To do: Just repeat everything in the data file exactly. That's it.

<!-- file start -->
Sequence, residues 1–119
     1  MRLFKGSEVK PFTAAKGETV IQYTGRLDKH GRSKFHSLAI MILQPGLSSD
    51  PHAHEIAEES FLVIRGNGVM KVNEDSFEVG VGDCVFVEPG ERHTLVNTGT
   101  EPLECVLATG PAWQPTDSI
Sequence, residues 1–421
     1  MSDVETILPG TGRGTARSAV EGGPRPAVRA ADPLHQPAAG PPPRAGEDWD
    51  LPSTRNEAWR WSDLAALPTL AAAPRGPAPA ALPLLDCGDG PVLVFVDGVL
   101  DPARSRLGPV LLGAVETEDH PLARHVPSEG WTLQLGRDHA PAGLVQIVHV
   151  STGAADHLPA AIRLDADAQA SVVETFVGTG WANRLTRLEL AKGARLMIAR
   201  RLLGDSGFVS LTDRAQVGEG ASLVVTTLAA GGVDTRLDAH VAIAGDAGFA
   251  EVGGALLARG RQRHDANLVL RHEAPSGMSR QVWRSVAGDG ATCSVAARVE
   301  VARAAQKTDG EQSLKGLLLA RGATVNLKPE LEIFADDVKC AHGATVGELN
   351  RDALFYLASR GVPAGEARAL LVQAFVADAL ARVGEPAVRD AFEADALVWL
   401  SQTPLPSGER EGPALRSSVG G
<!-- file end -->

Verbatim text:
Sequence, residues 1–119
     1  MRLFKGSEVK PFTAAKGETV IQYTGRLDKH GRSKFHSLAI MILQPGLSSD
    51  PHAHEIAEES FLVIRGNGVM KVNEDSFEVG VGDCVFVEPG ERHTLVNTGT
   101  EPLECVLATG PAWQPTDSI
Sequence, residues 1–421
     1  MSDVETILPG TGRGTARSAV EGGPRPAVRA ADPLHQPAAG PPPRAGEDWD
    51  LPSTRNEAWR WSDLAALPTL AAAPRGPAPA ALPLLDCGDG PVLVFVDGVL
   101  DPARSRLGPV LLGAVETEDH PLARHVPSEG WTLQLGRDHA PAGLVQIVHV
   151  STGAADHLPA AIRLDADAQA SVVETFVGTG WANRLTRLEL AKGARLMIAR
   201  RLLGDSGFVS LTDRAQVGEG ASLVVTTLAA GGVDTRLDAH VAIAGDAGFA
   251  EVGGALLARG RQRHDANLVL RHEAPSGMSR QVWRSVAGDG ATCSVAARVE
   301  VARAAQKTDG EQSLKGLLLA RGATVNLKPE LEIFADDVKC AHGATVGELN
   351  RDALFYLASR GVPAGEARAL LVQAFVADAL ARVGEPAVRD AFEADALVWL
   401  SQTPLPSGER EGPALRSSVG G